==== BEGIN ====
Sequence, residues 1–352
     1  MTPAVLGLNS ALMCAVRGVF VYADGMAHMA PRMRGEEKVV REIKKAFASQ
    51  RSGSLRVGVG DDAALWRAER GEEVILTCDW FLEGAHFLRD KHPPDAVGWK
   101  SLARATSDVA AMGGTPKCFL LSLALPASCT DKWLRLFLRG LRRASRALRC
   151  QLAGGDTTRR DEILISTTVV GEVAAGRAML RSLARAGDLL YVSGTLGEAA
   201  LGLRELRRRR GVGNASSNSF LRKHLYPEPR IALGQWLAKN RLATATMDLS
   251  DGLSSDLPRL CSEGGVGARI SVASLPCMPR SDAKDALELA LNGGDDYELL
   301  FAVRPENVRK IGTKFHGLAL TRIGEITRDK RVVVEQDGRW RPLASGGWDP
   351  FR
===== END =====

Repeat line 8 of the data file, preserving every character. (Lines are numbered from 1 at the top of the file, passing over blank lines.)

   301  FAVRPENVRK IGTKFHGLAL TRIGEITRDK RVVVEQDGRW RPLASGGWDP